The 10 Best Dish Racks
This wiki has been updated 32 times since it was first published in April of 2015. Let's face it, few people actually enjoy doing dishes, especially if you have a big family or just threw a large dinner party. However, this chore can be made a lot less painful with one of these convenient and stylish dish racks. Many are designed with handy drainage systems and feature options for accommodating mixing bowls, frying pans, plates, mugs, cutlery, and even stemware. When users buy our independently chosen editorial selections, we may earn commissions to help fund the Wiki.
May 22, 2019:
The Simplehuman Steel Frame is designed to address almost everything that's annoying about drying dishes. Its swiveling spout allows you to place it in multiple positions on the counter, the detachable rubber feet elevate it over sinks with high edges, and the wine rack and cup holders each have their own extendable drip tray. The PremiumRacks Professional can be configured to suit any type of dishes, and includes a variety of attachments for utensils, cutting boards, and more. The Nex 2-Tier takes advantage of vertical space to avoid cluttering your counter, and it can hold a lot of dishes. You can adjust the width to fit over your sink, and the lower shelf can be moved up or down to accommodate items of varying heights. If you don't have many dishes and prefer a simpler style, the Neat-O Deluxe is an inexpensive option that fits in most standard-sized sinks, but you'll have to buy a drainboard separately to use it on the counter.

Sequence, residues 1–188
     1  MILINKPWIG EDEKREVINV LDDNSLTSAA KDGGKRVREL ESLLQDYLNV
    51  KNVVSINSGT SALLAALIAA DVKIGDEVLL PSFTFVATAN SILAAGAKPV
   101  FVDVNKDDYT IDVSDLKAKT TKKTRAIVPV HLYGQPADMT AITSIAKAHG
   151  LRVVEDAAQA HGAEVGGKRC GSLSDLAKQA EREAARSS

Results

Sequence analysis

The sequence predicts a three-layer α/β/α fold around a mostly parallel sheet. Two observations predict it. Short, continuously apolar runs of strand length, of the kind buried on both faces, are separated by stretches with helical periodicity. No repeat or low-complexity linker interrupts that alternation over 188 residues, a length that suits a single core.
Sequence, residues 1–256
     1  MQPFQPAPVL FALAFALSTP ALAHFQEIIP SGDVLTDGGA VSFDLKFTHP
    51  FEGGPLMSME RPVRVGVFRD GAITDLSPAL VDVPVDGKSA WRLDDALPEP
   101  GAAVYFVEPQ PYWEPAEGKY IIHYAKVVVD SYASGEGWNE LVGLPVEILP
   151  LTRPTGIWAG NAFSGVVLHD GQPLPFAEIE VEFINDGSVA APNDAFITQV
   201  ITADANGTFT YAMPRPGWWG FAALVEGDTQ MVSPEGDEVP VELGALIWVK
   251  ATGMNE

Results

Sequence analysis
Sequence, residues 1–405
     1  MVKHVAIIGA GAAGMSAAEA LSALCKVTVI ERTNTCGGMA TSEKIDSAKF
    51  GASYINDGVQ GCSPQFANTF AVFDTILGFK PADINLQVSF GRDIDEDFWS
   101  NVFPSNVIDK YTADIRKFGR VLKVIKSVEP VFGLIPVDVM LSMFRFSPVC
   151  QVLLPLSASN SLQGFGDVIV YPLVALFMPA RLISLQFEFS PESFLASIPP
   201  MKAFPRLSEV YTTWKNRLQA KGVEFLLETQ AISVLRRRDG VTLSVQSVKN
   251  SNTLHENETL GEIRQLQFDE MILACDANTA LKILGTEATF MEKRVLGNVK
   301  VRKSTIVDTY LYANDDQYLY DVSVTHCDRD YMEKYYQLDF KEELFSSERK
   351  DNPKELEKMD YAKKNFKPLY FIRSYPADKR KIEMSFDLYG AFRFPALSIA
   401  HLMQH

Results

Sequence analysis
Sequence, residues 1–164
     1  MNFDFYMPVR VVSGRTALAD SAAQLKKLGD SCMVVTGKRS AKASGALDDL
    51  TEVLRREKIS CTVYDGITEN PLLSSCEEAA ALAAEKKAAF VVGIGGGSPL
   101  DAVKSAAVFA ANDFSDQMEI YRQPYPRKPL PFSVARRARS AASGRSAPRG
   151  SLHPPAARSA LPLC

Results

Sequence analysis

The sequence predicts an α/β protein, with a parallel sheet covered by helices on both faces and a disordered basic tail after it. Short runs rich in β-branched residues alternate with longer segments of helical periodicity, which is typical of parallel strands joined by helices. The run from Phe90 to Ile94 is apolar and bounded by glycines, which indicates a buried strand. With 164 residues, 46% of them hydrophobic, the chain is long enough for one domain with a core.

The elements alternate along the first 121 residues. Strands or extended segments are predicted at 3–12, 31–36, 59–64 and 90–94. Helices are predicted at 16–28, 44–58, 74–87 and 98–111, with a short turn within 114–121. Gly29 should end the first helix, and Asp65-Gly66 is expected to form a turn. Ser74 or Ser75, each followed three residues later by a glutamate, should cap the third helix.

It may be pricey, but the Zojila Rohan is also extremely durable and may be the last dish rack you'll ever need to buy. Its stainless steel drainboard is curved in the center and angled more sharply than others, making it one of the most effective self-draining models.
Keeping The Peace At Home
Dirty dishes are among the top causes of family and roommate disputes.
If you’ve ever lived with another human being, you know the difficulties presented by the kitchen and, more specifically, the kitchen sink. Dirty dishes are among the top causes of family and roommate disputes. I know that I’ve given serious thought to taking all my past roommate’s dirty dishes and piling them up on his bed while he's at work, just to make a valid point.